Science News For Kids
This resource is meant to enhance the usefulness of Science News in the middle-school classroom and offer recreational reading and activities for students interested in science. It is comprised of six zones: a weekly brainteaser for those who enjoy solving and inventing puzzles, entertaining science-fiction composition exercises for those interested in writing, and weekly science fair profiles and tips. The GameZone contains a small selection of logic and memory games, implemented as Java applet
Author(s): Creator not set

Tessellate!
This Java applet enables students to create tessellations, which are patterns on a plane that do not overlap. The student selects a hexagon, rectangle, or triangle to distort by dragging edges and the newly formed corners. Users can select colors for the pattern, and a button displays information in a second window. The window lists the coordinates of the vertices, angle measures, side lengths, area, and perimeter for the shape. From the applet page, What, How, and Why buttons open pages that ex
Author(s): Shodor Education Foundation

Science 101 : How Do Microscopes Work?
Microscopes allow scientists to examine everyday objects in extraordinary ways. They provide high-resolution images that show objects in fine detail. This articles includes details on how microscopes work and how they enhance the scientific process.
Author(s): Sarah Zimov

Observe the retreat of ice sheets from North America
In this Earth science animation, middle and high school students observe the retreat of ice sheets in North America for the past 18,000 years. Students are instructed to observe the animation carefully to see how the sea level changes as the ice sheets retreat. The animation presents images in 1,000-year increments from 18,000 years ago to the present. Movie controls allow students to repeat, pause, or step through the animation, which can give students more time to analyze how the shape of the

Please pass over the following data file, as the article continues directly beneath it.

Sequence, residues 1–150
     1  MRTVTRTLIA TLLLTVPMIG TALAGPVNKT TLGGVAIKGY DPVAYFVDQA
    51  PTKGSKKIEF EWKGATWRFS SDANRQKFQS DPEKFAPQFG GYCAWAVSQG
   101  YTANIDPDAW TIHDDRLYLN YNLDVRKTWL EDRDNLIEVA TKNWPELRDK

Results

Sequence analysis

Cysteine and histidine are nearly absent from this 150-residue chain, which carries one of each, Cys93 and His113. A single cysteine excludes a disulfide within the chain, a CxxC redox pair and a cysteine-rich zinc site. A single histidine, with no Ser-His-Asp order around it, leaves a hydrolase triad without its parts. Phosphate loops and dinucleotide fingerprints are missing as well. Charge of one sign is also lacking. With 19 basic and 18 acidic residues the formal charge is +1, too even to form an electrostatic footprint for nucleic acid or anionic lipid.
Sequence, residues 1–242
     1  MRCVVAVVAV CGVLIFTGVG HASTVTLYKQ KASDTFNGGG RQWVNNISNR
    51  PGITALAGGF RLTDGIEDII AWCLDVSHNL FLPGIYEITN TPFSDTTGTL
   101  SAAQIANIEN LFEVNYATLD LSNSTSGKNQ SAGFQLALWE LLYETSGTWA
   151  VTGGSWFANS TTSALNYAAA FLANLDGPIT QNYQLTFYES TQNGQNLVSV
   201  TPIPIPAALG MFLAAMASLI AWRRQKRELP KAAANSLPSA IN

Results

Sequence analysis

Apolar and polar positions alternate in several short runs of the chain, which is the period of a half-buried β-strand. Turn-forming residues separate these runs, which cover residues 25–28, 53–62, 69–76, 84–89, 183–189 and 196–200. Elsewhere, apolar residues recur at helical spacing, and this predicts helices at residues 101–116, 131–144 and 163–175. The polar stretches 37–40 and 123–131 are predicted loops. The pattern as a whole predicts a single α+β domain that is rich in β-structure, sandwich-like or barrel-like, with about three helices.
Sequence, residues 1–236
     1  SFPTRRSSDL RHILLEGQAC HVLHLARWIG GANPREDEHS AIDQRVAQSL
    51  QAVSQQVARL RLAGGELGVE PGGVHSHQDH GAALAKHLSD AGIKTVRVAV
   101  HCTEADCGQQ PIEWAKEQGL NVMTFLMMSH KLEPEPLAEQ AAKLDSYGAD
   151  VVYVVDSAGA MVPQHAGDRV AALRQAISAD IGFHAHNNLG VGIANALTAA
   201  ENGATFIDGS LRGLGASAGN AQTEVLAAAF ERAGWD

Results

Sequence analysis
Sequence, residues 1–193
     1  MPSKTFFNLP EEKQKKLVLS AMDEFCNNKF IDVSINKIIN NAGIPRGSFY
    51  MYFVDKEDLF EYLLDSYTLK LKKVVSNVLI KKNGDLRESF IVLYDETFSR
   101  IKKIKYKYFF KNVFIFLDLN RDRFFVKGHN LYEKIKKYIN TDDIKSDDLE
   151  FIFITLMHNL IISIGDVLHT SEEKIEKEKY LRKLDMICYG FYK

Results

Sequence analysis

Author(s): TERC. Center for Earth and Space Science Education

Water reclamation plant (RealVideo)
In this video clip, students see how wastewater is treated at a water reclamation plant. One of the plant's operators gives Bob the Vid Tec (a children's programming host) a tour of the plant, describing along the way what happens at each step in the water treatment process. For example, the operator explains that microorganisms are used to consume human waste in the biological nutrient removal step. Bob also talks with another plant operator about why kids should learn about wastewater treatmen
Author(s): Johns Hopkins University. Center for Technology in

Scope on Safety : Waste not, want not
Planning chemical use and disposal is critical to a safe laboratory environment. It is irresponsible to simply go out and purchase laboratory chemicals without considering why they are needed and how they will be disposed of when they are no longer needed. An OSHA-based Chemical Hygiene Plan (CHP) should be adopted by the science department as the first step in this vital process. The procedures and operations for the purchase, use, storage, and recycling of hazardous chemicals are addressed in
Author(s): Ken Roy